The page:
How Does Voice Matter? Evidence from the Ultimatum Game
AbstractPrior research in economics and psychology has shown that process can matter in determining outcomes in many social situations. In particular, the opportunity to express ones opinion-voice-has been found to be highly influential. However, little is known about the channels through which voice may operate. In this paper, we develop a simple economic model of voice to explore these channels. We show that individuals value voice for: 1) its effect on outcomes, 2) its inherent value, or 3) its role in signaling one's social standing. Through the introduction of a hypothetical round in the standard ultimatum game, we were able to test the channels of voice directly by observing recipients' responses to offers which are lower than what they asked for. Our experimental results suggest that voice works primarily through its inherent value which appears to exceed its contribution to the perception of procedural fairness. Further, unlike voice which softens the impact of an unfair outcome, the possibility for voice may have dichotomous effects.
Download InfoIf you experience problems downloading a file, check if you have the proper application to view it first. In case of further problems read the IDEAS help page. Note that these files are not on the IDEAS site. Please be patient as the files may be large.
Bibliographic InfoPaper provided by Tulane University, Department of Economics in its series Working Papers with number 1004.
Length: 25 pages
Date of creation: Sep 2010
Date of revision:
voice; ultimatum game;
Other versions of this item:
- Qiyan Ong & Yohanes Riyanto & Steven Sheffrin, 2012. "How does voice matter? Evidence from the ultimatum game," Experimental Economics, Springer, vol. 15(4), pages 604-621, December.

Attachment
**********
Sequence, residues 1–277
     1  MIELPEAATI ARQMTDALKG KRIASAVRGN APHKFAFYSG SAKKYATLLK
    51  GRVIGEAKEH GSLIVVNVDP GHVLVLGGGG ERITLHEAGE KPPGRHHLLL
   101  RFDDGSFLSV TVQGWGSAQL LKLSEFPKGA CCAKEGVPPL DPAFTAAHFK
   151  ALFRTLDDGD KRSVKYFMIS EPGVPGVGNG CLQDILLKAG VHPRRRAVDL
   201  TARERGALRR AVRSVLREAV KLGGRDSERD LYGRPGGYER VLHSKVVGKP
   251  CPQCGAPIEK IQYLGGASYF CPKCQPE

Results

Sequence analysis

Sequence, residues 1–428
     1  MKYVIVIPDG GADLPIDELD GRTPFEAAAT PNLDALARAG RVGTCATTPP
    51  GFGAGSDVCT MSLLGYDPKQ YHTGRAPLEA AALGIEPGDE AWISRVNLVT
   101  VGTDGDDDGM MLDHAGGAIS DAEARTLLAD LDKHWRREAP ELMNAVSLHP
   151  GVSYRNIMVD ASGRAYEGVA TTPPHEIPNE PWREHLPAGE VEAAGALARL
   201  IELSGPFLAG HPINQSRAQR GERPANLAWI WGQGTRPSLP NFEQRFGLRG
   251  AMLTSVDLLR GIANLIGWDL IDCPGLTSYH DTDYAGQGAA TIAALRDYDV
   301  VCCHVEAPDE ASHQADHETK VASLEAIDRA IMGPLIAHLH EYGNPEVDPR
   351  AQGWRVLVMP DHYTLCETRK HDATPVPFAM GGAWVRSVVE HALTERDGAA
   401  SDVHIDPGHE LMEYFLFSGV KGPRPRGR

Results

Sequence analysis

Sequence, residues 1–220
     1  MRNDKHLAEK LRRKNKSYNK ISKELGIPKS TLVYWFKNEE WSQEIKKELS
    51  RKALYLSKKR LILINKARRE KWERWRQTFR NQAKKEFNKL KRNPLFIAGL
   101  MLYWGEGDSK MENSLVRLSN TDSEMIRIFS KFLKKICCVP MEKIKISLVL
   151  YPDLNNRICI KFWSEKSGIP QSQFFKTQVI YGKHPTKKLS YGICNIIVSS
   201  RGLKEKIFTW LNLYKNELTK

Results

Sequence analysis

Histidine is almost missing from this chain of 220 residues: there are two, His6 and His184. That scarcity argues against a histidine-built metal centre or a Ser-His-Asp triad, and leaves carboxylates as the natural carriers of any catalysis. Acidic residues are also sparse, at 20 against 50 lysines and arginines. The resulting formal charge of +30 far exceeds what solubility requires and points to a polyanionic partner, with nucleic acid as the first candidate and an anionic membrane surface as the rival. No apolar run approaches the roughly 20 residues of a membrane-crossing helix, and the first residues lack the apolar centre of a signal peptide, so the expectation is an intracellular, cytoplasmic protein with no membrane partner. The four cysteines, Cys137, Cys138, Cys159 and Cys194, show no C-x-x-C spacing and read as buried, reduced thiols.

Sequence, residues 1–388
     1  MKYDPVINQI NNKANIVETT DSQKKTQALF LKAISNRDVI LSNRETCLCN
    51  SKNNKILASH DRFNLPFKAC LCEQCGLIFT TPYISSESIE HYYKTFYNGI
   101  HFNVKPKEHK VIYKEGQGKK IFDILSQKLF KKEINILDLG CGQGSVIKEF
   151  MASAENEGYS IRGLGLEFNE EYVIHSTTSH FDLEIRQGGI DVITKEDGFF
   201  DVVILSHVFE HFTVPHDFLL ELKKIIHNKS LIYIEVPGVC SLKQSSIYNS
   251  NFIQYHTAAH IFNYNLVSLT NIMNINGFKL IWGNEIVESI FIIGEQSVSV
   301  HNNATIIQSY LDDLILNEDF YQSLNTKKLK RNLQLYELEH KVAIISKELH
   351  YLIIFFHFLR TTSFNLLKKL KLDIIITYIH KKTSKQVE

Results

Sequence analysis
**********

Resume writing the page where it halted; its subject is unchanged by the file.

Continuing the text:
- D30 - Microeconomics - - Distribution - - - General
- C91 - Mathematical and Quantitative Methods - - Design of Experiments - - - Laboratory, Individual Behavior
This paper has been announced in the following NEP Reports:
- NEP-ALL-2010-10-16 (All new papers)
- NEP-CBE-2010-10-16 (Cognitive & Behavioural Economics)
- NEP-EXP-2010-10-16 (Experimental Economics)
- NEP-HPE-2010-10-16 (History & Philosophy of Economics)
Please report citation or reference errors to , or , if you are the registered author of the cited work, log in to your RePEc Author Service profile, click on "citations" and make appropriate adjustments.:
- John List & Todd Cherry, 2000. "Learning to Accept in Ultimatum Games: Evidence from an Experimental Design that Generates Low Offers," Experimental Economics, Springer, vol. 3(1), pages 11-29, June.
- Qiyan ONG & Yohanes Eko RIYANTO & Walter E. THESEIRA & Steven M. SHEFFRIN, 2013. "The Self-Image Signaling Roles of Voice in Decision-Making," Economic Growth centre Working Paper Series 1303, Nanyang Technolgical University, School of Humanities and Social Sciences, Economic Growth centre.
- Marco Kleine & Pascal Langenbach & Lilia Zhurakhovska, 2013. "Voice Effects on Attitudes towards an Impartial Decision Maker: Experimental Evidence," Working Paper Series of the Max Planck Institute for Research on Collective Goods 2013_11, Max Planck Institute for Research on Collective Goods.
For technical questions regarding this item, or to correct its authors, title, abstract, bibliographic or download information, contact: (Keith Finlay).
If references are entirely missing, you can add them using this form.